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> Features
MARK MILLAR ON THE ‘WANTED’ MOVIE
The creator explains how the film project will be ‘the opposite of the Spider-Man movie’ and shares his rejected idea to reboot the Superman franchise

By Justin Aclin

Posted December 3, 2007  5:00 PM

WIZARD: You visited the set of “Wanted” in Chicago. How did that go?

MILLAR: They were terribly nice. Back in the old days, creators, especially writers, used to be at the bottom of the heap and nobody even calls you. So it was nice to see all the stars and feel important for a few days.

The film has some great talent attached, like Morgan Freeman, Angelina Jolie and up-and-comer James McAvoy…

MILLAR: You never really value how good casting directors can be, you know? When I was writing the thing, I [pictured] Eminem, Halle Berry and so on. You realize how smart these people are, just finding somebody as brilliant as [James] McAvoy, who I was completely unaware of at the time. He probably gives the most powerful performance, based at least on what I saw, and he’s up against world-class talent!

What was it like to watch these actors play out scenes from your comic?

MILLAR: There’s a scene with the main bad guy, who’s played by Morgan Freeman, [that] was very specifically from the comic. But my crappy lines seemed to have incredible dignity when they were coming out of Morgan Freeman’s mouth. That was the moment I realized how amazing actors are. These guys can turn sh-- into gold!

It’s been reported the “Wanted” movie deviates from your story by taking out the superpowered element.

MILLAR: Yeah, well, the weird thing is they did what I had planned to do and then forgot to do it, which is not put [the characters] in costume. I don’t know why, but for some reason we ended up putting them in costume in the comic, and I really didn’t want to do that. I wanted them to have those powers and then just wear those costumes for the initiation, but just for one panel. And then I forgot. I’d have liked [the filmmakers] to keep the supervillain mythos. That’s one thing I’m kind of sad they didn’t keep, ’cause I really liked that, the idea that supervillains and heroes did exist at one point and they’re all gone now.

But other than that, were you happy with the script?

MILLAR: Once [director] Timur [Bekmambetov] came aboard, it started looking great. I was out there about a year ago looking at some stuff they’d been putting together, and I really expected it to be crap, because I didn’t like the first draft of the script. I wanted the film to basically be the opposite of the Spider-Man movie, the idea of someone getting powers and realizing they can do what they want, then choosing the dark path. The [script] I read was just too tame. It just seemed a little bit Americanized. But Timur came in with his Eastern European madness, and he really made it nasty. He went closer to the spirit of the book, so I’m very happy with the end result.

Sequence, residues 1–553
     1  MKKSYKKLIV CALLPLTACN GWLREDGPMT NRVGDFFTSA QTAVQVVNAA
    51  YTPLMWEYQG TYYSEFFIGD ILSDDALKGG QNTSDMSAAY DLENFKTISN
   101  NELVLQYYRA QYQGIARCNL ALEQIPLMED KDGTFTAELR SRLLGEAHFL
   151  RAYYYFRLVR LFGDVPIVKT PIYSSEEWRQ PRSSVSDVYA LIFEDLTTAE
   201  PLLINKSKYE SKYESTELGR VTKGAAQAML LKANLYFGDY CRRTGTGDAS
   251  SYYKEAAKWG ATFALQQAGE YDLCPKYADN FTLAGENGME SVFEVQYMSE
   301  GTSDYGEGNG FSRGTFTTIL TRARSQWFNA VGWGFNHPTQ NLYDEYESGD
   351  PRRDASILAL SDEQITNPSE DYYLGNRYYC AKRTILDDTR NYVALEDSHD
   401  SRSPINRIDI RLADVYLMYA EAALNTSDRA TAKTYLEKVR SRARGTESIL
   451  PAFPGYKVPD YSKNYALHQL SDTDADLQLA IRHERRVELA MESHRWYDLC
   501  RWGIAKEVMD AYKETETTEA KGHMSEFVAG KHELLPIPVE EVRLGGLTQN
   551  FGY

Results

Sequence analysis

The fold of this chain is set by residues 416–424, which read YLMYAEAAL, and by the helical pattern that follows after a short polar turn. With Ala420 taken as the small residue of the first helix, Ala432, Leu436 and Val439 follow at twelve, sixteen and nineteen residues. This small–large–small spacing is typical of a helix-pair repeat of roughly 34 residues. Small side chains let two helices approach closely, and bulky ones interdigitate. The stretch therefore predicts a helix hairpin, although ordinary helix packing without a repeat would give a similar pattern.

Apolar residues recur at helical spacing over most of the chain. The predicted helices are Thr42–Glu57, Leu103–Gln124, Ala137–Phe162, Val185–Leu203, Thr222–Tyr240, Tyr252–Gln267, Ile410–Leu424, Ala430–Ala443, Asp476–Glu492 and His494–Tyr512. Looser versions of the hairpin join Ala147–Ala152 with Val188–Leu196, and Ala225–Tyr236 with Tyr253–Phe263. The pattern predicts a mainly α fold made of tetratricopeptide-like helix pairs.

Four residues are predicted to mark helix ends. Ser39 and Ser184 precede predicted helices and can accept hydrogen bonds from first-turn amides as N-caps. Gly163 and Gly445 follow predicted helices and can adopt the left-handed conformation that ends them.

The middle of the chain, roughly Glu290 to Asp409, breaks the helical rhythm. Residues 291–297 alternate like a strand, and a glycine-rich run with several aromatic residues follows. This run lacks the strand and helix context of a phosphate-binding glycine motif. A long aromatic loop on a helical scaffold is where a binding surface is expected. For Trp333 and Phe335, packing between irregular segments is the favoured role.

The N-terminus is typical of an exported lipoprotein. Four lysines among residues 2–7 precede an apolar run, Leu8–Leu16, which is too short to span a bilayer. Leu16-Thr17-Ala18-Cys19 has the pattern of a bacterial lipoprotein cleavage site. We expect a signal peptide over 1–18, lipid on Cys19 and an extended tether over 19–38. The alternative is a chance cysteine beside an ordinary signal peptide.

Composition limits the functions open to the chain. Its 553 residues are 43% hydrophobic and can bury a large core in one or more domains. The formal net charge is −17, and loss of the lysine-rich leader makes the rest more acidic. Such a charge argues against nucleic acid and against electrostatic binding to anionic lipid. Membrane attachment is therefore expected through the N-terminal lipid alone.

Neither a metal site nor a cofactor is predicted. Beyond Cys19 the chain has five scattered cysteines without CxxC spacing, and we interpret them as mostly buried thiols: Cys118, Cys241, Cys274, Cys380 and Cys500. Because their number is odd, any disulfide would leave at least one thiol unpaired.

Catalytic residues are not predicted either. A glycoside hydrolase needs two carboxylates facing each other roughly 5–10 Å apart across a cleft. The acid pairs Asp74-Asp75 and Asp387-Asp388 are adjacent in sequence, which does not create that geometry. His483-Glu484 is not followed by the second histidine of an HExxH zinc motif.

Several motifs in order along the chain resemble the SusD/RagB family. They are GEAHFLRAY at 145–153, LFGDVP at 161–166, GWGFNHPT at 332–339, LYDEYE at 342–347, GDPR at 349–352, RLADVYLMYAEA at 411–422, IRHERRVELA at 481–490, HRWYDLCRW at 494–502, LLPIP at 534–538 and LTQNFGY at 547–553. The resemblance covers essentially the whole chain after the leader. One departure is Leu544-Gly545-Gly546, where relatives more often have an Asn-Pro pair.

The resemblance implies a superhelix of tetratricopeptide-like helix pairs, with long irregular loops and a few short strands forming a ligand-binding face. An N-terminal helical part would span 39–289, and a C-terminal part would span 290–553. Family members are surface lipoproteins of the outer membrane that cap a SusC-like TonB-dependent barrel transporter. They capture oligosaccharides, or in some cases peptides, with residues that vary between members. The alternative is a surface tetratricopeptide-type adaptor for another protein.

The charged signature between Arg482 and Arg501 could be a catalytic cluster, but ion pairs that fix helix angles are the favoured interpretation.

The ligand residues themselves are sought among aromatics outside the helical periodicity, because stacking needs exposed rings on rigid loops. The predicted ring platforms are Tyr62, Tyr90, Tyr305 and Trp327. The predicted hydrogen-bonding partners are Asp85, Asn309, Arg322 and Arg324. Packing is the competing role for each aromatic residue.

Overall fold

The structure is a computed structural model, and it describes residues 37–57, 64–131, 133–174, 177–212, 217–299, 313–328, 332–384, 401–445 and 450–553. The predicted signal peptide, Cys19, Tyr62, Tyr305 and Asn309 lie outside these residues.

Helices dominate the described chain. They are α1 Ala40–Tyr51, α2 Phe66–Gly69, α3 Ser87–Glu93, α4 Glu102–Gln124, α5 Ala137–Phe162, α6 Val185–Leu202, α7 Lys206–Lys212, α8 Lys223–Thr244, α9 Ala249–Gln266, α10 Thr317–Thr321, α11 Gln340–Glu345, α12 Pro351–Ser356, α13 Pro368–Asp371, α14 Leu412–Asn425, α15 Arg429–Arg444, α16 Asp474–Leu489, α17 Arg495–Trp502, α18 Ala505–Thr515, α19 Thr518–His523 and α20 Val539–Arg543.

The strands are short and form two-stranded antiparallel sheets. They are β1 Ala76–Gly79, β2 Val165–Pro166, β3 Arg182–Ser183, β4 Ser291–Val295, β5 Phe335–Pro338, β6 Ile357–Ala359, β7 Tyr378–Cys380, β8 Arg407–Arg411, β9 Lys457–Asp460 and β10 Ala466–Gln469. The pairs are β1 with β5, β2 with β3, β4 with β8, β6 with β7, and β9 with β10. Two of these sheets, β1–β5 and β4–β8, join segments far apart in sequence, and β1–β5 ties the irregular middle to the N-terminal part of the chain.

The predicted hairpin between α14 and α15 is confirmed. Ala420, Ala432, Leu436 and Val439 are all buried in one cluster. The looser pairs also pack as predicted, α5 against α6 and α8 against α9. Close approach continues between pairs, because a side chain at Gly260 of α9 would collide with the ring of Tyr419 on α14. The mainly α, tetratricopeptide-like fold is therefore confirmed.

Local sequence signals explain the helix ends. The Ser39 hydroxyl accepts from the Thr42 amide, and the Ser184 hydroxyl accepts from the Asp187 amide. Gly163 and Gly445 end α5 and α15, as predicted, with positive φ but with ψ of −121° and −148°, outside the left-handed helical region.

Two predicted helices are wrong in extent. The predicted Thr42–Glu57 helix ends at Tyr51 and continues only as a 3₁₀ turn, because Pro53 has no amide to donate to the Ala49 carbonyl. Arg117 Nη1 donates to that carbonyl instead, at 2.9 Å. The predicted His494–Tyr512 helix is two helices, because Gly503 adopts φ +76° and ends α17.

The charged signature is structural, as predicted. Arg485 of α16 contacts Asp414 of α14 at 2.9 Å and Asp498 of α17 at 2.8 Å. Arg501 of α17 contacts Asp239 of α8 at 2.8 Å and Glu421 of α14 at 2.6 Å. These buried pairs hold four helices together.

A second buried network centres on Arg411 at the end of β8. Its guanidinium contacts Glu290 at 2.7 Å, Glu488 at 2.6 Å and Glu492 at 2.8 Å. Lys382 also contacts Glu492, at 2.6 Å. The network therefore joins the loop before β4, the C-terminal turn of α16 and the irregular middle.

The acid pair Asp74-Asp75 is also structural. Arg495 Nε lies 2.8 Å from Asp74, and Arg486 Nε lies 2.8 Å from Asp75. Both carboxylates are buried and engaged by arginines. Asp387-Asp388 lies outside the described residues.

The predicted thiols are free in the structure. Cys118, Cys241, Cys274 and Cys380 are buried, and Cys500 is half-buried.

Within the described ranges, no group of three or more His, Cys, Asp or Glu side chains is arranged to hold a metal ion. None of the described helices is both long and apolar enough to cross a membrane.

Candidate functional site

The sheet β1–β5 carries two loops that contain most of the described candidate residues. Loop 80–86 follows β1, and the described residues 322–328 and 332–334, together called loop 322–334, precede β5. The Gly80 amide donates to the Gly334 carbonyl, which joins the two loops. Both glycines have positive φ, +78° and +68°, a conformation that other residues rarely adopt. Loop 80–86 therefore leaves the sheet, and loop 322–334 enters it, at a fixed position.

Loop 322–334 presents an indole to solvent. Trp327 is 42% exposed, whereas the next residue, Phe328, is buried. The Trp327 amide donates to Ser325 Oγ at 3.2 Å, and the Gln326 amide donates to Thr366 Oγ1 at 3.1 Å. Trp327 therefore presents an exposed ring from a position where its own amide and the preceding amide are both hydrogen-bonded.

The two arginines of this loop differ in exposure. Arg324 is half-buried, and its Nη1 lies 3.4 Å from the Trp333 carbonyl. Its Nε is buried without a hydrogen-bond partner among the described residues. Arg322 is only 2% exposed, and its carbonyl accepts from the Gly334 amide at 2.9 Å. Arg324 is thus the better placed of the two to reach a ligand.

If another one of your creator-owned books gets optioned, would you be interested in writing that script yourself?

MILLAR: Sony was talking to me about doing Chosen, the second of my creator-owned books, and they said, “You know, obviously, you’ll be writing the screenplay yourself.” I said, “Well, is that an option? I didn’t realize I could even do that sort of thing, y’know?” And they said, “Yeah, of course.” So I’ve been talking to them about that, but as a whole, it really is a whole new discipline. And I appreciate having a learning curve, so what I’m going to do is have a shot at it, but not feel too embarrassed if someone comes along and cleans it up for a second write or a third write, or whatever. I recognize that movies are quite collaborative.

When it was reported the “Superman Returns” screenwriters weren’t going to write the sequel, you immediately volunteered to write the script practically for free. What’s your story, in the broadest of strokes?

MILLAR: In the broadest of broad strokes—because I genuinely do plan to do this and everybody thinks it’s crazy—but you have no idea how much stuff I’ve been doing in the background to make this happen. For starters, I think the Superman [movie] project’s very toxic. Nobody’s gonna touch it for a few years. And I think when it does happen, they’ll start over, and they know I’m interested.

My idea very simply would be just a reboot, to start over again in the same way the Christopher Reeve/Richard Donner movie owed nothing to the George Reeves TV series. So, start on the ground floor, make it something somebody who’s 7 years old or up will be into, and don’t be afraid to do your own thing. Superman should remain the same, but everything around him I’d just play with. I see it as an eight-hour trilogy, like “Lord of the Rings.”

Catch “Wanted” in theaters on March 28, 2008.
 
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